GREAT Western Railway (GWR) has been recognised as an autism-friendly environment by the National Autistic Society.

The award comes after work by the railway operator to create an ‘autism-friendly’ environment, making it easier for autistic people to be able to travel on its services.

Among the initiatives introduced by GWR as part of its work since June 2023 has involved training more than 700 frontline colleagues between Plymouth and Penzance in autism awareness, allowing the staff greater understanding in neurodiversity.

Other GWR initiatives commended by the National Autistic Society include the creation of audio-visual packages such as a sound-series that allows autistic people to understand the sounds they may experience when travelling by train and the creation of virtual video tour of stations to better allow people to navigate the station prior to arrival, available on the GWR Youtube channel.

In addition, the operator has made ear defenders available at staffed stations to support passengers who experience over-stimulation or sensory overload as well as continuing and further advertising their ‘try a train’ in which individuals or groups can be given a structured experience to further develop their travelling confidence.

Dan Pearce, GWR Senior Accessibility Mentor, said: "We at GWR are committed to our customers, helping all those who wish to travel by train to be able to do so. This includes working to provide as accessible and supportive environment as we are able to - recognising everyone has different needs and expectations.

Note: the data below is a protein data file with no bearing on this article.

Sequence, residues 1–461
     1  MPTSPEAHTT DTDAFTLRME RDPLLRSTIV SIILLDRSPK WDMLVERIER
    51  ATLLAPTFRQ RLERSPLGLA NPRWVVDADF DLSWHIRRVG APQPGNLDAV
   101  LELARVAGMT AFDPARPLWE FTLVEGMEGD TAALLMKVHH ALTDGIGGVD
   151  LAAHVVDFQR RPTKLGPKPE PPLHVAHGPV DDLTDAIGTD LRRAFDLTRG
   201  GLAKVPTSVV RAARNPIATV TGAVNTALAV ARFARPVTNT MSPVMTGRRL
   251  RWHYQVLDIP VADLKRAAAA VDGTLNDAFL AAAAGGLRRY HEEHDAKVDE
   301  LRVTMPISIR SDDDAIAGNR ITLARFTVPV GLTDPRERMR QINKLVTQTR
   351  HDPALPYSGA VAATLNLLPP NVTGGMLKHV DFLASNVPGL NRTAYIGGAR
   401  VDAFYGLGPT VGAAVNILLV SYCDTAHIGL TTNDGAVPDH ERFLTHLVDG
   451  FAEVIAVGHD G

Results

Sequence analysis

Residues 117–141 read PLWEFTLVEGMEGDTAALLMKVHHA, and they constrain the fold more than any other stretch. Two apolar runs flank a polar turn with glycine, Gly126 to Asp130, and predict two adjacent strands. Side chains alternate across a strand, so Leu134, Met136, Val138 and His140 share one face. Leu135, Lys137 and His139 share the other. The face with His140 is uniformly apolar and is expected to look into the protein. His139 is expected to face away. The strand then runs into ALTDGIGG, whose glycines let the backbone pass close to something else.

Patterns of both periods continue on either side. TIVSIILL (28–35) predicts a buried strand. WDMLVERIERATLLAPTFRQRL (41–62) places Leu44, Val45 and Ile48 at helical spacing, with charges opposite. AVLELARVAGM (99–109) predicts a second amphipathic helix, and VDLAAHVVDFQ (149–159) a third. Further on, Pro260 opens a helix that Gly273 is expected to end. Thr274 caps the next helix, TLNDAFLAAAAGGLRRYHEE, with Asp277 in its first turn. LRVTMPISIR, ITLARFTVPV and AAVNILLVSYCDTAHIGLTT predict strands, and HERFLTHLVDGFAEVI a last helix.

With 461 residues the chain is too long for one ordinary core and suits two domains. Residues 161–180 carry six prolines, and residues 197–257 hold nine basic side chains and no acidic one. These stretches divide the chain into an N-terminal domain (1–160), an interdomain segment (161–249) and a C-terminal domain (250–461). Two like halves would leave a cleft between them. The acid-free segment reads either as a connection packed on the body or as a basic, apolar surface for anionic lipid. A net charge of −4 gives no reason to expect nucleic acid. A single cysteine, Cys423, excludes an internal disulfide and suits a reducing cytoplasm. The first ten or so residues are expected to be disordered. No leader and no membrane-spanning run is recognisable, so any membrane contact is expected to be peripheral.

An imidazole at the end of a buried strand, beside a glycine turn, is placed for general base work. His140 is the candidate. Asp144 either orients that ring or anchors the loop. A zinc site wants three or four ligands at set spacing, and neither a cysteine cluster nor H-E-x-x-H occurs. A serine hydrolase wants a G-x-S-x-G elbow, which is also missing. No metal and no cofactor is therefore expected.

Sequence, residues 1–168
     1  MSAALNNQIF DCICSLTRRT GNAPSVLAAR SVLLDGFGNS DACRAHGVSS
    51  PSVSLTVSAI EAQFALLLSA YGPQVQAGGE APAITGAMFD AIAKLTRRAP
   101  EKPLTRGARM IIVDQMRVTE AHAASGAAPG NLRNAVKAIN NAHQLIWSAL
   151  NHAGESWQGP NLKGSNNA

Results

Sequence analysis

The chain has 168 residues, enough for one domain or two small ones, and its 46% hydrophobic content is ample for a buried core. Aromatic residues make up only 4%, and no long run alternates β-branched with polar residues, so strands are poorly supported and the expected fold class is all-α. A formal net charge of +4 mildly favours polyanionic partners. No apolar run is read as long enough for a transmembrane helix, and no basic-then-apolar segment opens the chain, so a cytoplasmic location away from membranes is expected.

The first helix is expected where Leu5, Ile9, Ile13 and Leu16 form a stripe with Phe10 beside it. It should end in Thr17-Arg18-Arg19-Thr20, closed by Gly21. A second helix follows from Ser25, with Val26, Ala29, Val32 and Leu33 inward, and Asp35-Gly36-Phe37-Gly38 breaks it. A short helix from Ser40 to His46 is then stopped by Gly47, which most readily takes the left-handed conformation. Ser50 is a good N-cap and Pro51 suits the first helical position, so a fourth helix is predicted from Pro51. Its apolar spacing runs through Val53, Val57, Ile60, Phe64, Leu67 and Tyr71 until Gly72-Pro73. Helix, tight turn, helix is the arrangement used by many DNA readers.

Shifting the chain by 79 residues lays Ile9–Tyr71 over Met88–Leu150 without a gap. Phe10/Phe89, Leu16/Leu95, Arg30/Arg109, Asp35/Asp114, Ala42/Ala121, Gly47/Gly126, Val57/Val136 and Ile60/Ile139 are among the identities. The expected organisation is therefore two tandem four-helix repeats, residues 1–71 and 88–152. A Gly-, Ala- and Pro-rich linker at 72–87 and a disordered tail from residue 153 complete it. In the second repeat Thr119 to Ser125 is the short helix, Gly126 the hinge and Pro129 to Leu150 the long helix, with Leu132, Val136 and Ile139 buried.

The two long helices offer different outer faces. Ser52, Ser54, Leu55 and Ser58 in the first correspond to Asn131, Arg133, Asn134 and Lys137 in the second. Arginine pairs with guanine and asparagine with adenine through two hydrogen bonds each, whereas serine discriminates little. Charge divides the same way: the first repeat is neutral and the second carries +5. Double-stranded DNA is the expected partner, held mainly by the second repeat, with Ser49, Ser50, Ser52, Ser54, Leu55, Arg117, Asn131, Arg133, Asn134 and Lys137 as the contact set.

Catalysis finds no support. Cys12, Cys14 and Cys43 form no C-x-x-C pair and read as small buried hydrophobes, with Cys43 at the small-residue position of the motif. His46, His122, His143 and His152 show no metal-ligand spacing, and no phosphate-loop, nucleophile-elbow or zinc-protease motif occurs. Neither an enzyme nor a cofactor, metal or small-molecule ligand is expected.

"This award recognises the work we have done to better accommodate the needs of autistic people, and we will continue to look for opportunities to extend these tools across our network and make the railway accessible for all."

Christine Flintoft-Smith, Head of Autism Accreditation at the National Autistic Society, said: “We'd like to congratulate GWR on achieving our new Autism Friendly Award. Every organisation that gains the Autism Friendly Award will be helping to make the UK a more autism-friendly place and make a difference to the lives of autistic people and their families.

“There are lots of small changes which businesses can make to better support autistic people, and just a little understanding can go a long way. We're looking forward to working with as many businesses as possible to help create a society that works for autistic people.”